This 20.9MP sensor produces clean images throughout. The native ISO range of the D7500 is 100 all the way to 51200. Of course you can further extend the ISO range but for all practical purposes that well encompasses the ISO range you will be shooting in when working in low light.
Additionally, the D7500’s autofocusing points are sensitive down to -3EV. There are 51 phase detection AF points and out of that 15 are cross type. Cross type points have far greater sensitivity when it comes to detecting contrast because it is able to detect it in two axes. Thus they are likely to be able to lock focus faster than line sensors in less contrasting situations as well as low light situations.
For a lower end option, the D7500 is definitely a low light camera to be considered!
- Class leading image quality, ISO range, image processing and metering equivalent to the award winning D500
- Large 3.2” 922K dot, tilting LCD screen with touch functionality. Temperature: 0 °C to 40 °C (+32 °F to 104 °F)...
- 51 point AF system with 15 cross type sensors and group area AF paired with up to 8 fps continuous shooting capability
- 4K Ultra HD and 1080p Full HD video with stereo sound, power aperture control, auto ISO, 4K UHD Time Lapse and more
- Built in Wi Fi and Bluetooth for easy connectivity through the Nikon SnapBridge App
Fujifilm's X-T3 is the replacement for the older X-T2. It looks and feels and somewhat operates very much like the older camera. But there are some changes. Some subtle and some not so subtle. This camera takes good photos in low light.
Yes, the X-T2 may not have been the absolute best when it came to shooting low light, especially when you compare it to the likes of Sony’s mirrorless units, but things have moved up by a few notches with the X-T3.
The X-T3 does take beautiful photos in low light, even when using very high ISOs. The camera retains sufficient contrast and colors when shooting at a higher ISO thanks to the BSI sensor technology used in the camera. When it comes to autofocus performance, the X-T3 is pretty good with auto-focusing both in bright and in low light conditions. For a lower priced option, this is definitely a strong best low light camera option.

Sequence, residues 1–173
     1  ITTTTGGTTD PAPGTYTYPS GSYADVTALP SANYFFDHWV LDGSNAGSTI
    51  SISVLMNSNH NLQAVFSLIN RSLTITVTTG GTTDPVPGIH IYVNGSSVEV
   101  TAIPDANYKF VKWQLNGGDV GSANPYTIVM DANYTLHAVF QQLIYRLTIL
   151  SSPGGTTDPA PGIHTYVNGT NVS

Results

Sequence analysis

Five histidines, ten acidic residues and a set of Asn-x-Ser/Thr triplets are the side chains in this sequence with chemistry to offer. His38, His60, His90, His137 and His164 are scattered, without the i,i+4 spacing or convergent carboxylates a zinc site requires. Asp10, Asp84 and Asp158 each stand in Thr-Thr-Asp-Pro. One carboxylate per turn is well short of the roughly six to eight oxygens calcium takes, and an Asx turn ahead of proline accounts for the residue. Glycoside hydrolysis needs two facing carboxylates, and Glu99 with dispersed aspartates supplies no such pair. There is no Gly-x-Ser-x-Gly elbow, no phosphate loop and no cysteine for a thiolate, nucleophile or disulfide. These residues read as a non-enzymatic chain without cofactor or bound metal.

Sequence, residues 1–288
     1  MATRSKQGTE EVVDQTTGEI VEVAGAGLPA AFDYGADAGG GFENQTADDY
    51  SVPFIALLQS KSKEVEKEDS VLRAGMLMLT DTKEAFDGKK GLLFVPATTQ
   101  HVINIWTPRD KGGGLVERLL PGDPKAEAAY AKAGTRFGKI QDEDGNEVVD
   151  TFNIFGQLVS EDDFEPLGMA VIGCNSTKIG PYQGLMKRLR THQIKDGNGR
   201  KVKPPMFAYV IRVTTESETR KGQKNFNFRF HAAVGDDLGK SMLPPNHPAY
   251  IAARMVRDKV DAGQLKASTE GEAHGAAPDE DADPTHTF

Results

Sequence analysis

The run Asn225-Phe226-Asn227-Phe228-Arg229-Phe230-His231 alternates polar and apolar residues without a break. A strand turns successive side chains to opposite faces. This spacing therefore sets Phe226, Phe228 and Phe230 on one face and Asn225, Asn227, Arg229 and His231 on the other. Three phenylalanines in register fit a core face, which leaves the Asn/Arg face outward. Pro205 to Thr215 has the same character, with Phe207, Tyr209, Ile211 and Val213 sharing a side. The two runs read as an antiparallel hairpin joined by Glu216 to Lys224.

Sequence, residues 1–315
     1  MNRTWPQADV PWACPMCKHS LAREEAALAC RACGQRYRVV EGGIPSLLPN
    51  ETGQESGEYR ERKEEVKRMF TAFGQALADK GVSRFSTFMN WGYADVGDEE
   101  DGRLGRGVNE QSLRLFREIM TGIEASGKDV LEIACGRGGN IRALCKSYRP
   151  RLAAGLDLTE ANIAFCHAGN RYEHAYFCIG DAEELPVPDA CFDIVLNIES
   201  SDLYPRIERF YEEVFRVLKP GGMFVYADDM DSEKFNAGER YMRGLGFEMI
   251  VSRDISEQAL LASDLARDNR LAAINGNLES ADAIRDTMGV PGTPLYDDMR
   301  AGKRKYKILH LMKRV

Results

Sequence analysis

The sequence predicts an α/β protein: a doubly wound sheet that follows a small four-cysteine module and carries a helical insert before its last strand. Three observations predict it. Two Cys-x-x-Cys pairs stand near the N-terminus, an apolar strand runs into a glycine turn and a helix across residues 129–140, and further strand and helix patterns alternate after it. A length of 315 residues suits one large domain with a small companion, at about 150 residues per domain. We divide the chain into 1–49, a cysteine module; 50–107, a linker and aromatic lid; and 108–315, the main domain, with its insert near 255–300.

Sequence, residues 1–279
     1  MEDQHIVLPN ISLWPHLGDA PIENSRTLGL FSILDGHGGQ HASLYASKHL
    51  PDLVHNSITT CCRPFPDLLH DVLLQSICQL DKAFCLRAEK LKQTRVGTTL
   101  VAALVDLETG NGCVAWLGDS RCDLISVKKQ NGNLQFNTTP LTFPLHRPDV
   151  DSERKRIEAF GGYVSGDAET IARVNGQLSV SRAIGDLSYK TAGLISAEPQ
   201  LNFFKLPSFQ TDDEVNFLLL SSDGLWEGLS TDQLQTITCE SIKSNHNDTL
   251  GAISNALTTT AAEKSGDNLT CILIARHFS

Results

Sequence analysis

- New 26.1MP X Trans CMOS 4 sensor with X Processor 4 image processing engine
- 4K movie recording internal SD card 4K/60P 4: 2: 0 10bit recording and the first Mirrorless digital camera with APS C or...
- 2.16M phase detection pixels across entire frame and Low light phase detection limits has been increased over X T2 by 2...
- 3.69 million dot OLED Color viewfinder with 0.75x magnification and blackout free burst shooting
- 16 film Simulation modes: including eterna/cinema, B and w adjustment: 9~+9
The Best Low Light Cameras: Conclusion
Hopefully this article has given you and idea of the camera you want so you can get some stunning low light photos. Once you have your camera, all that’s left is to get out and shoot!
Is there a camera you use that you’d recommend to others for low light photography – why not share it with us in the comments?
As an Amazon Associate we earn from qualifying purchases. Certain content that appears on PhotoWorkout.com comes from Amazon. This content is provided ‘as is’ and is subject to change or removal at any time.